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On the record


In December, the Competition and Markets Authority (CMA) published the findings of its 12-month investigation into the market for residential property management services and has made a number of recommendations that aim to improve the way the sector operates. It has stopped short of recommending that property managers should be subject to more formal regulation by government, arguing that for many leaseholders the market works reasonably well. Satisfaction levels are particularly high where leaseholders have exercised their Right to Manage, says the report.

The CMA consulted extensively with consumer groups, leaseholders, the industry and government and found that overall, while the market works well for many, some leaseholders have experienced significant problems. The issues identified include:

leaseholder frustration at a lack of control over the appointment of property managers;

high charges for services arranged by property managers or poor standards of service;

leaseholders suffering unexpected costs and being charged for works they consider unnecessary;

poor communication and transparency between property managers and leaseholders; and

difficulties in getting redress.

The CMA also discovered concerns about prospective purchasers' understanding of

Commenting on the CMA's findings, Martin Perry, chairman of ARMA said: “In large part the review is very positive – and of course I welcome the CMA's endorsement of ARMA-Q. However we are still in favour of regulation, although the CMA seems to have put the kibosh on that for at least the duration of the next parliament.

“Legislation is clearly needed to bring non- ARMA agents into the fold and without that, there is only so much that we can do to ensure best practice in the sector.”

One issue that came out very clearly in the report was that homebuyers are often not well informed about their obligations and responsibilities as leaseholders. Martin Perry believes the legal professional must take up the mantle and improve the level of information provided for buyers at

Issue 20

leasehold as a form of tenure and their obligations and service charge liabilities for leasehold flats. In response, the CMA has made a number of detailed recommendations aimed at improving:

prospective purchasers' awareness of leaseholders' obligations;

disclosure, transparency and communication between property managers and leaseholders; and

leaseholders' access to appropriate forms of redress.

Leaseholders need to be better informed about the responsibilities and performance of property managers, while greater transparency will increase pressure on property managers and landlords to take account of leaseholder interests.

The CMA is also calling for changes to legislation affecting rights of consultation relating to major works, as well as supplementing the existing Right to Manage legislation to enable leaseholders, where there is a majority in favour, to require the landlord to re-tender the property management of their block.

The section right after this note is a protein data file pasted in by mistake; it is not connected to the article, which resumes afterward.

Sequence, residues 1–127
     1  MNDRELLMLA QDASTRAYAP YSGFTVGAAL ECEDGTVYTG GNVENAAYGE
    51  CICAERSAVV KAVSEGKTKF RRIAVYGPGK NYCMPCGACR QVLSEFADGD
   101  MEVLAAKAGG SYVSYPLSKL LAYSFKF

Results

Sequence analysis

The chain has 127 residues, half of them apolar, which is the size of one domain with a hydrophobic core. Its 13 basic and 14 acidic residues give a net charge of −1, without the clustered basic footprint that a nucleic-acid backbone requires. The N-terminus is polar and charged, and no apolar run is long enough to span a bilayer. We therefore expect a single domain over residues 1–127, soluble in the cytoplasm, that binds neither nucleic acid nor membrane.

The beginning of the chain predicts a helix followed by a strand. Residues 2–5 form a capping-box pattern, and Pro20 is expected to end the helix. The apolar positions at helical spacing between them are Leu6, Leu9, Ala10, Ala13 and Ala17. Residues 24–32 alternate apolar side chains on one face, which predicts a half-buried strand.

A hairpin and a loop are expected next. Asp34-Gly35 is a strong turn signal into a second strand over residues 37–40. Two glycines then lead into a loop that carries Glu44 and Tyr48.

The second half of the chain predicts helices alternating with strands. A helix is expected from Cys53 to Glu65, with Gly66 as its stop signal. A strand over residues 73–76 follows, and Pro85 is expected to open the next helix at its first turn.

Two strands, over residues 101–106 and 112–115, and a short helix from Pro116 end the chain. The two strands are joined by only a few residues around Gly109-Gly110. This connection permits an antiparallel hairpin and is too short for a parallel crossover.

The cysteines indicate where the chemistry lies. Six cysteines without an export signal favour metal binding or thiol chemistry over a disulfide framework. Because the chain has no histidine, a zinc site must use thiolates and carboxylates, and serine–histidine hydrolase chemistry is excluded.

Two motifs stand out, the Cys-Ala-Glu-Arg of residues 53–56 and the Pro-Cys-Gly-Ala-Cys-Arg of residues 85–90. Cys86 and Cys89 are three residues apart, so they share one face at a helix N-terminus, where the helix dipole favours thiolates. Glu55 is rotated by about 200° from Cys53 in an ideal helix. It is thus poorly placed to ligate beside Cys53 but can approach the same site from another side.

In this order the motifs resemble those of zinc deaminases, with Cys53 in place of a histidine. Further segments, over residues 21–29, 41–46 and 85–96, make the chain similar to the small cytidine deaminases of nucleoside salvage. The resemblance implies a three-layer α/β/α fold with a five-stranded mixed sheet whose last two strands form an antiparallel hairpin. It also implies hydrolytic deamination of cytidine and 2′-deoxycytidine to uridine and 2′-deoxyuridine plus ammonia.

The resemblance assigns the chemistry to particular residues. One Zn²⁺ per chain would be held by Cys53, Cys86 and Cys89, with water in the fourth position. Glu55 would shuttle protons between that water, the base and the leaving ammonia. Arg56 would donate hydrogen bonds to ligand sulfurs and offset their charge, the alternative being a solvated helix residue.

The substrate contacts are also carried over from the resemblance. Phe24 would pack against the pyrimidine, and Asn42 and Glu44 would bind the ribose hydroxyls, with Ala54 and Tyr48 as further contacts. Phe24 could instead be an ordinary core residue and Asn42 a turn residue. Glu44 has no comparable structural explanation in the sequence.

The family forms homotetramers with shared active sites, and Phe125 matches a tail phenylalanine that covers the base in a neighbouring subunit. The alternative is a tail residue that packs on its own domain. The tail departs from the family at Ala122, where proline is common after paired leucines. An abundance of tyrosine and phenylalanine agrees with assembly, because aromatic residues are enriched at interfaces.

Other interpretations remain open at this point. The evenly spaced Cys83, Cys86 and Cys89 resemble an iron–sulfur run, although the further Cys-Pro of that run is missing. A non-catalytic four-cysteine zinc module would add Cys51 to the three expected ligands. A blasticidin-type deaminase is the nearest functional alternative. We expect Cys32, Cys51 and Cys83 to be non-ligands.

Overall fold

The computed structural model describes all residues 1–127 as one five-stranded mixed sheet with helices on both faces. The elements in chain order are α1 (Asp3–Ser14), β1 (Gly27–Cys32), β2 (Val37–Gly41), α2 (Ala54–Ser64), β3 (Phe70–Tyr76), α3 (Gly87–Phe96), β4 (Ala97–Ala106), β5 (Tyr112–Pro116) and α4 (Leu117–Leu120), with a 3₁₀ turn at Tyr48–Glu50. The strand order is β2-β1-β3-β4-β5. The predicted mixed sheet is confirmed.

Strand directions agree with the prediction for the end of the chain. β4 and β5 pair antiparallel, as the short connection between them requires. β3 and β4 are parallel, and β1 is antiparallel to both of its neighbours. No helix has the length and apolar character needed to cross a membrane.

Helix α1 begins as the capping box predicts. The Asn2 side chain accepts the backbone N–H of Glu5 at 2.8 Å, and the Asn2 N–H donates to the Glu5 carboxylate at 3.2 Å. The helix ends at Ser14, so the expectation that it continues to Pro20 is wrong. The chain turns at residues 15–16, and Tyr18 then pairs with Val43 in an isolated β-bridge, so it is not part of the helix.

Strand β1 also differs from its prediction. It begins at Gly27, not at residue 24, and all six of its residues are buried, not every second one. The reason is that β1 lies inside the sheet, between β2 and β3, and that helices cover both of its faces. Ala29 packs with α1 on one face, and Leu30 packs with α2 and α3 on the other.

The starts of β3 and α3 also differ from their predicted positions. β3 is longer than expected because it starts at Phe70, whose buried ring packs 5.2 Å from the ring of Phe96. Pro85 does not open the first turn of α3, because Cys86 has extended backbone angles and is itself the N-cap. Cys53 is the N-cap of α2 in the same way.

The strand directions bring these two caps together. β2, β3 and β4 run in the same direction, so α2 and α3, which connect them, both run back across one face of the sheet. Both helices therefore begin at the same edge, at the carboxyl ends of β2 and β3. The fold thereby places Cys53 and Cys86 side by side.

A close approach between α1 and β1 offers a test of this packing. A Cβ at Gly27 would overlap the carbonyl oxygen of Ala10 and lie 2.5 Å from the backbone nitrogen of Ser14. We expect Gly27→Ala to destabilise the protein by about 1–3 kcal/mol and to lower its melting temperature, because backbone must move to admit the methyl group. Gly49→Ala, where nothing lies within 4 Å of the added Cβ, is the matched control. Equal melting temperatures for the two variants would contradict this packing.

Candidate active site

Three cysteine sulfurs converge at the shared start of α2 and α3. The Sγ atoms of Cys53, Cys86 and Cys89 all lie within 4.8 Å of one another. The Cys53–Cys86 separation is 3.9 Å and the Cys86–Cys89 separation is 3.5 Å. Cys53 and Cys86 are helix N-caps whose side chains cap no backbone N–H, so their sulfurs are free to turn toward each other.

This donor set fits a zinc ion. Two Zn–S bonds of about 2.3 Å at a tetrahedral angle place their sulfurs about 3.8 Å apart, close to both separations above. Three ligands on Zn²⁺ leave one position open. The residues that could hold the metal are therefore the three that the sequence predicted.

Ian Fletcher from the British Property Federation (BPF) welcomed the CMA's positive response to ARMA-Q. “The CMA has identified the positive steps already being taken by the sector to self-regulate and we are confident that ARMA-Q will codify the high standards the industry should be adhering to,” he said. However, he believes that despite its positive benefits ARMA-Q will only help to widen the

pre-purchase stage. Awareness of other aspects of the leasehold sector is also lacking in many cases, such as the existence of redress schemes and other pieces of legislation that apply to leasehold properties. “There is clearly a reason for an organisation like LEASE [the government- funded leasehold advisory service] to exist: it has to be the obvious choice for extending the information that is available to the public,” added Martin.

Despite a generally positive response to the report, “the elephant in the room” for Martin Perry is the fact that investor landlords are not taken into account by the CMA. “Unless we have buy-in from the people who are placing a large proportion of contracts with managing agents, we won't get anywhere. Consideration now needs to be given to getting them on board,” he said.

gap between those who pursue good standards and those who don't. “We would have liked to have seen some statutory underpinning of the industry's efforts to help level the playing field,” he said.

FPRA chairman Bob Smytherman also responded to the CMA's recommendations, saying: "We welcome the work done by the CMA into the leasehold sector and will study the report in detail, but from what I can see the CMA have ignored many of the demands from across the leasehold sector. The FPRA will continue to argue for greater transparency and legislative changes as we approach the general election in 2015 and beyond.”

The CMA will now work with leasehold organisations and government to implement its recommendations. Should these not prove to be effective, the market may come in for more scrutiny.

Bob Smytherman: arguing for greater transparency

Martin Perry: investor landlords have not been addressed


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